Cattle disease outbreaks hit Kratie.
Phorn Phot, a veterinarian in Dar commune's Anhchanh village, told The Post on Sunday that pasteurellosis and blackleg were detected in the area during the middle of March but, thanks to a vaccination campaign, the spread of the diseases had been halted.
However, last week the diseases re-emerged, killing more than 20 cattle in three villages - Anhchanh, Dar and Stung Svay - in Dar commune.
'Pasteurellosis and blackleg diseases reappeared due to the villagers' failure to provide proper care for their cattle and because they let the animals roam free in the fields and forest land,' Phot said.
Yuok Sat, who lost two of his cows to blackleg disease four to five days ago, acknowledged that he had not provided adequate care for his cattle because he had 32 cows and there were only a few members of his family.
He said villagers were accustomed to allowing cattle to freely eat grass in the fields and forests and drink dirty water from local streams. They didn't give it much consideration, Sat said, and cattle owners had neglected to vaccinate their livestock.
'Five of my cows, out of 32, were infected with the blackleg disease. I don't know where they got the disease from but, before they became infected, they grazed freely and ate grass in the fields and forest and drank water from local streams like other cattle.
'A few days ago, two of them died but the other three have received treatment from the vets and now they are getting better,' he said.
Anhchanh village chief Ngieng Khin said his cows had also caught the diseases but had been cured thanks to vaccination shots and other medical treatment given to them about a week ago.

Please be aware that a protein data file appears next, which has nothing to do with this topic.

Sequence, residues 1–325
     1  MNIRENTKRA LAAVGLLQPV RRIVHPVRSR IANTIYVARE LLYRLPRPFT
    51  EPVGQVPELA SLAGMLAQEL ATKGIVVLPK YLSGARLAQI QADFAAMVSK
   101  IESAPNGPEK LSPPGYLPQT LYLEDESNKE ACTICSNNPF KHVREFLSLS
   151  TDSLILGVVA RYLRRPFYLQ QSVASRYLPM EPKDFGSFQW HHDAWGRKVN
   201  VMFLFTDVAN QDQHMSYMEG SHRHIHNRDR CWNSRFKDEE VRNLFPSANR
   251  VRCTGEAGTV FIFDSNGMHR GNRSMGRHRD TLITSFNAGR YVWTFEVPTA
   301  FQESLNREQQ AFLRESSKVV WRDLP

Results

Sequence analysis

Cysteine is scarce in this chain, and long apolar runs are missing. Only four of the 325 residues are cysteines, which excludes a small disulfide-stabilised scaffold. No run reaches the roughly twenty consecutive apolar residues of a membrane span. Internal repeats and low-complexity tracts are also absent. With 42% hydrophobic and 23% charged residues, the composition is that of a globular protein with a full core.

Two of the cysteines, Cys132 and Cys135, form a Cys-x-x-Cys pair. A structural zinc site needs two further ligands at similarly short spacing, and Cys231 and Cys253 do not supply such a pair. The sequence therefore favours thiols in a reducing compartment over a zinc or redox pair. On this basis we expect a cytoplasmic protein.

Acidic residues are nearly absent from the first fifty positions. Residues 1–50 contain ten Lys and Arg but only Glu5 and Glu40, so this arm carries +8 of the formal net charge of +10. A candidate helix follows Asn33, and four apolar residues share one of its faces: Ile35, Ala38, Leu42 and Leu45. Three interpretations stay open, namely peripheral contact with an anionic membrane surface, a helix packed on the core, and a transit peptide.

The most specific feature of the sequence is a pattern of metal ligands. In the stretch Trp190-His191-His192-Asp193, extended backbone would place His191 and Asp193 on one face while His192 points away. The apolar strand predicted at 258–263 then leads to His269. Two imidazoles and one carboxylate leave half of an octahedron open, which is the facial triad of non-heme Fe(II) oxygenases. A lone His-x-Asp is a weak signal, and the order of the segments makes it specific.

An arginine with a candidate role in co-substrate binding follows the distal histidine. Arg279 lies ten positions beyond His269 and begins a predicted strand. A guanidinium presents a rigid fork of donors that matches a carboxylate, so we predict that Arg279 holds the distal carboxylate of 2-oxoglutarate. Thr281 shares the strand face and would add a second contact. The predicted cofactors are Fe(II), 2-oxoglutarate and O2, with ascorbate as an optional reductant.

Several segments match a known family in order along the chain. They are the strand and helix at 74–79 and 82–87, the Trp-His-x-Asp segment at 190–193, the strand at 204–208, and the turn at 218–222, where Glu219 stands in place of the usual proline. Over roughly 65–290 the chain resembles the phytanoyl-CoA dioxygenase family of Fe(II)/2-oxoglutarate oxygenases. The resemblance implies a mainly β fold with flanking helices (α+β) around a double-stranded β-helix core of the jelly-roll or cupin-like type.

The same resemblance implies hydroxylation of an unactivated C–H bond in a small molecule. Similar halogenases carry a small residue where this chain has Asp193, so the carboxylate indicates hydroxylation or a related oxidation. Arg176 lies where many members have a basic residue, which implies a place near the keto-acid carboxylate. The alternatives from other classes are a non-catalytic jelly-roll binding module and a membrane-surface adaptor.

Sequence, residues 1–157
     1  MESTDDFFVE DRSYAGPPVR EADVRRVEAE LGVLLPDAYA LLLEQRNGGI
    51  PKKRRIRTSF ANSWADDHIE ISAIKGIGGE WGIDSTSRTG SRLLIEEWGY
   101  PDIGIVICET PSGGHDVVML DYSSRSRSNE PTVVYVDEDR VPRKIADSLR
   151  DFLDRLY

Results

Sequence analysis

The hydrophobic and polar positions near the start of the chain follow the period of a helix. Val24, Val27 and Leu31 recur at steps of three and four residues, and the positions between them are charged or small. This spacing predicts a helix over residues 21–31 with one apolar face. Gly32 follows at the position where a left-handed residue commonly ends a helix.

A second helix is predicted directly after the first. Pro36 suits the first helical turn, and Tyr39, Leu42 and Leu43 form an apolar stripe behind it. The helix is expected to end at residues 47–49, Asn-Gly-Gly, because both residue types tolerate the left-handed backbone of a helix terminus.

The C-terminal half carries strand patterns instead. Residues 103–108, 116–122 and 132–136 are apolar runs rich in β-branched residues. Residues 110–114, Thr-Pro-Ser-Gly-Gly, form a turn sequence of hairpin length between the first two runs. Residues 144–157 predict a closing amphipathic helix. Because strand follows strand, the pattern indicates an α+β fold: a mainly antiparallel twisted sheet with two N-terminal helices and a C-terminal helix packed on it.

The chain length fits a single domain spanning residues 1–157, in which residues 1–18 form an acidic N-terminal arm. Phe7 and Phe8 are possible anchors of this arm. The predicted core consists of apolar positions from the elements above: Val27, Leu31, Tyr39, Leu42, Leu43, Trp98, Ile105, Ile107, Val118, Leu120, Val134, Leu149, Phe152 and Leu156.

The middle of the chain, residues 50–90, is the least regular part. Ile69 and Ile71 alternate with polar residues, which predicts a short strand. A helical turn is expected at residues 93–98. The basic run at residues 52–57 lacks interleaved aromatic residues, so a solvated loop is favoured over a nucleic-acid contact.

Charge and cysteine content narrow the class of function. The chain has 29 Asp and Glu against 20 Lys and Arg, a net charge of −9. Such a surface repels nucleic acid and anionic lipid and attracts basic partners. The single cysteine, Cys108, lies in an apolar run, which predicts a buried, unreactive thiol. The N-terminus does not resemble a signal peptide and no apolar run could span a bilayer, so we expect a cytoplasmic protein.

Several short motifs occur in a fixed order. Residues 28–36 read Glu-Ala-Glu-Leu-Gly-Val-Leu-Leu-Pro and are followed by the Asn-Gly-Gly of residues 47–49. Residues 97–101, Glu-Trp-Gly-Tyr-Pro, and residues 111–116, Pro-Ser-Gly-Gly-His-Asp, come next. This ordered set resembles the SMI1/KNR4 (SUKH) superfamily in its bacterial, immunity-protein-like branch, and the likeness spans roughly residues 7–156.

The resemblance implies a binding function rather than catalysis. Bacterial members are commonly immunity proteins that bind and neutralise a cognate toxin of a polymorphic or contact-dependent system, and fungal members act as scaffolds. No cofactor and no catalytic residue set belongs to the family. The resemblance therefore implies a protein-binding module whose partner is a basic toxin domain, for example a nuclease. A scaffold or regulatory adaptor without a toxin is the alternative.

He said his neighbour had lost three cows after they experienced swelling of the stomach and throat. The veterinarian said the cattle were severely infected with pasteurellosis and could not be saved.
'After seeing the symptoms in my neighbour's cattle, at first I thought it was caused by a chemical poison because the cows ate grass and drank contaminated water from the stream, but the vet said these were the symptoms of the final phase of pasteurellosis,' Khin said.
Regarding the polluted stream, Dar commune chief Seng Heng told The Post on Sunday that he had asked the Chitr Borei district governor to restore the stream and pump water out of a local dam, so villagers can use the water.
'Tomorrow, we will start to remove the sewage and black mud from the stream. After that, we will open the dam, so the water can fill up the stream and local people can use it.
'We hope this will remove people's suspicions that the water is poisonous and is the reason their cattle have become infected,' Heng said.
He said provincial Department of Agriculture, Forestry and Fisheries veterinarians had also intervened to treat and vaccinate the cattle and prevent the diseases from spreading.
Ket Saroeun, the head of the veterinary office at the provincial Department of Agriculture, Forestry and Fisheries, told The Post that cattle are susceptible to infectious diseases - such as taenia (a type of tapeworm), picornavirus, blackleg and pasteurellosis - when they eat grass that has recently been sprayed with insecticide or drink contaminated water.
'We protect the cattle by giving them vaccinations, keeping them in a clean environment and feeding them safe food.
'When cattle are already infected, vaccinations are not effective. But we can still provide medical treatment if they are not badly infected,' he said.
|Printer friendly Cite/link Email Feedback|
|Publication:||The Phnom Penh Post (Phnom Penh, Cambodia)|
|Date:||May 20, 2019|
|Previous Article:||A SCHOOL FROM CAMBODIA WON TWO GLOBAL CSR AWARDS FOR 2019.|
|Next Article:||A rite of passage: Reviving an ancient Khmer ceremony.|